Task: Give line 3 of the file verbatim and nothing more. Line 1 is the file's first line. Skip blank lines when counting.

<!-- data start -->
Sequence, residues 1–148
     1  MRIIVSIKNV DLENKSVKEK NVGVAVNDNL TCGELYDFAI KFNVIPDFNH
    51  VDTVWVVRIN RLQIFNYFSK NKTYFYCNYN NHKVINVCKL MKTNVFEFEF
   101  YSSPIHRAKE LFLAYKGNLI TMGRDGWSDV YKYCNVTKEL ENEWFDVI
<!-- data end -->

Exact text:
    51  VDTVWVVRIN RLQIFNYFSK NKTYFYCNYN NHKVINVCKL MKTNVFEFEF